I ordered noodles and pork balls at some local restaurant. When it was time to pay, the woman told me 30,000 (~$4), it seemed kind of expensive for noodles, and thank god I didn't have enough Kip. I asked to pay in Baht, and it came to $2. That's better :)
The market was strange. There were shops selling miscellaneous small items, locks, chargers, pens, and then guitars and badminton rackets ... random! Right beside the market, there was I think the biggest mall in Laos. But they even couldn't fill in 3 floors. The 3rd floor was completely empty, and half of the other shops were closed. Revlon and Rado shops seemed to host only the sellers. I went to a few supermarkets, but they're under stocked, and have no variety at all. If that's happening in the capital, what will be in other towns?

4000 Islands
(LP) There must be some rule in Laos that says the further south you go the more relaxed it becomes, because just when you thought your blood pressure couldn't drop any more, you arrive in Four Thousand Islands and the few you are likely to visit on this scenic 50km-long stretch of the Mekong are so chilled you're liable to turn into a hammock-bound icicle.
I don't know how much the public buses cost, but I decided this time to take the whole package. It included a pick up from the hostel, sleeper bus, minivan and a boat to any island you'd like to go to. Seems pretty easy! But how will I feel the real Laos if I'll always be on these tourist buses?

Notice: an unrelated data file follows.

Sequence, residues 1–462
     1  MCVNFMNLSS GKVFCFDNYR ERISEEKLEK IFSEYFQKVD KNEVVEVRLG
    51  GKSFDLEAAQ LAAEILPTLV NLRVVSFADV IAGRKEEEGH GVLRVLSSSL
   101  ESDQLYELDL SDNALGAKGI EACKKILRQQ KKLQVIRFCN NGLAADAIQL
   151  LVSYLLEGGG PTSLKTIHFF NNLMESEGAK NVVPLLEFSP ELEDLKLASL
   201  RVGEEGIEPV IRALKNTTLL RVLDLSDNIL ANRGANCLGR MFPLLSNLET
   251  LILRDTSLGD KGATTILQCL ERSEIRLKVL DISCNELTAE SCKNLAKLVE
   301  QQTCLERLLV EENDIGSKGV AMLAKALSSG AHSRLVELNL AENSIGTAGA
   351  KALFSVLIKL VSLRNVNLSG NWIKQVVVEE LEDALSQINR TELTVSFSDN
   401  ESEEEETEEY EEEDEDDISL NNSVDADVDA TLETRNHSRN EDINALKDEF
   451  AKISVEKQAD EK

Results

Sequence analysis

They took a few of us to the wrong terminal, and after they checked my ticket, they shook their heads, made a few quick phone calls, put my suitcase in the car and we speed across pot holed roads in the rain to the other terminal. I wasn't scared after India, and not even twice when we came so close to throwing someone off the bike. We barely made it to the other terminal, and I got into the sleeper bus. I've never been on a bus like that before. It's 2 floors, and on the 2nd one you almost have to crawl to get to your spot, which is a double bed, but the size of a single bed. It has a mattress on the floor, 2 pillows and 2 blankets. My bed was the only one that had 1 person in it. Thank god for that!! I can't imagine sharing a single bed with an unknown person! It was also very cold, they really put a good use of an AC, and without 2 blankets I would've frozen. I tossed and turned all night, but I was so happy, I don't know why ... these beds are way too cool ! :) In the morning, they put us in different minivans, and drove us for breakfast, then 2 hours later we made another stop for ice cream and washrooms (how smart!) and took us to the boats. When the boat was in the middle of the journey, it started to rain very hard, we were all soaked along with the entire luggage. Some of us waited in the restaurant for the rain to stop, and when we were in the middle of our fabulous food, it was bright and sunny as though the rain has never happened. Of course it did happen, and the walk to the bungalows was a very muddy one. I couldn't roll my suitcase in the muddy pave less roads, and I pretty much took the 1st bungalow that I came across. It's a nice room with a mosquito net, a fan, and a huge balcony right on the river with a hammock for $2.50.